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Goldmine Grading

Product Images

Our product images are stock images provided by www.discogs.com

The actual product may differ and we will give details in the product description. The product sleeve and media condtion is graded according to the following standard.

Goldmine Grading.

Mint (M)

Absolutely perfect in every way. Certainly never been played, possibly even still sealed. Should be used sparingly as a grade, If at all.

Near Mint (NM)

A nearly perfect record. Many dealers won't give a grade higher than this implying (perhaps correctly) that no record is ever truly perfect. The record should show no obvious signs of wear. A 45 RPM or EP sleeve should have no more than the most minor defects, such as almost invisible ring wear or other signs of slight handling. An LP cover should have no creases, folds, seam splits or other noticeable similar defects. No cut-out holes, either. And of course, the same should be true of any other inserts, such as posters, lyric sleeves and the like. Basically, an LP in near mint condition looks as if you just got it home from a new record store and removed the shrink wrap. Near Mint is the highest price listed in all Goldmine price guides. Anything that exceeds this grade, in the opinion of both buyer and seller, is worth significantly more than the highest Goldmine book value.

Very Good Plus (VG+)

Generally worth 50 percent of the Near Mint value. A Very Good Plus record will show some signs that it was played and otherwise handled by a previous owner who took good care of it. Record surfaces may show some signs of wear and may have slight scuffs or very light scratches that don't affect one's listening experiences. Slight warps that do not affect the sound are "OK". The label may have some ring wear or discoloration, but it should be barely noticeable. The center hole will not have been misshapen by repeated play. Picture sleeves and LP inner sleeves will have some slight wear, lightly turned up corners, or a slight seam split. An LP cover may have slight signs of wear also and may be marred by a cut-out hole, indentation or corner indicating it was taken out of print and sold at a discount. In general, if not for a couple things wrong with it, this would be Near Mint. All but the most mint-crazy collectors will find a Very Good Plus record highly acceptable./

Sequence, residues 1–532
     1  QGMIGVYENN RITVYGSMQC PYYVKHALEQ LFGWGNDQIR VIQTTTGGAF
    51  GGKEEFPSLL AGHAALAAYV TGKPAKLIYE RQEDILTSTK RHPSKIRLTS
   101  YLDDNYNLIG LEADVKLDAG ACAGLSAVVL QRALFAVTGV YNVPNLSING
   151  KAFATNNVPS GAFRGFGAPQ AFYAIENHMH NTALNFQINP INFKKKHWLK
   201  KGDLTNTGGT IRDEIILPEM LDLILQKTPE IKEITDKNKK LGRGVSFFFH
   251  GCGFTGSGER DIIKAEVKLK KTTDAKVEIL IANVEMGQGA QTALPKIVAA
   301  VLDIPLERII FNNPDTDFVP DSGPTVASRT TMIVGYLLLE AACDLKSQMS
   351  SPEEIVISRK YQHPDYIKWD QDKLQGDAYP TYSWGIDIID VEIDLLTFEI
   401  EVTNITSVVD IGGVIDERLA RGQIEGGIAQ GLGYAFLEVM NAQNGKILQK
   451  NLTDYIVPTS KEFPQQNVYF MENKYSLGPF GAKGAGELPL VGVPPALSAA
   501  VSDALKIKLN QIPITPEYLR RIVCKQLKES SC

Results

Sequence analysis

Very Good (VG)

Generally worth 25 percent of Near Mint value. Many of the defects found in a VG+ record will be more pronounced in a VG disc. Surface noise will be evident upon playing, especially in soft passages and during a song's intro and fade, but will not overpower the music otherwise. Groove wear will start to be noticeable, as with light scratches (deep enough to feel with a fingernail) that will affect the sound. Labels may be marred by writing, or have tape or stickers (or their residue) attached. The same will be true of picture sleeves or LP covers. However, it will not have all of these problems at the same time, only two or three of them. Goldmine price guides with more than one price will list Very Good as the lowest price. This, not the Near Mint price, should be your guide when determining how much a record is worth, as that is the price a dealer will normally pay you for a Near Mint record.

Good (G), Good Plus (G+)

Generally worth 10-15 percent of the Near Mint value. Good does not mean Bad! A record in Good or Good Plus condition can be put onto a turntable and will play through without skipping. But it will have significant surface noise and scratches and visible groove wear (on a styrene record, the groove will be starting to turn white). A cover or sleeve will have seam splits, especially at the bottom or on the spine. Tape, writing, ring wear or other defects will start to overwhelm the object. If it's a common item, you'll probably find another copy in better shape eventually. Pass it up. But, if it's something you have been seeking for years, and the price is right, get it...but keep looking to upgrade.



Grading CD’s

The following is the normally accepted wisdom used to grade CD’s . At Grade1Records we have varied this slightly to increase the vigilance and therefore provide you with better assurance that the CD you order will be as good as described.

Unless the CD is sealed we do not use the term MINT – perfect – and often unplayed CD’s are therefore graded as NEAR MINT(NM). And discs that are marked in any way are checked through our CD playback system and then graded accordingly ( VG typically).

The Covers ( on Digipaks) , booklets and inserts are only afforded NM status if they are as new : in many instances this means they have not been opened. Otherwise lower ratings are used.

As always we follow the Discogs standard of grading Disc/Media first , and Cover/Booklets second.



As a general rule, CDs perfectly Mint condition — or they don't, in which case their value is minimal. CDs are difficult to grade visually: they can look perfect but actually be faulty, while in other cases they may appear damaged but still play perfectly.

CD inlays and booklets should be graded in the same way as record covers and sleeves. In general, the plastic containers for CDs can easily be replaced if they are broken or scratched, but card covers and digipaks are subject to the same wear as record sleeves.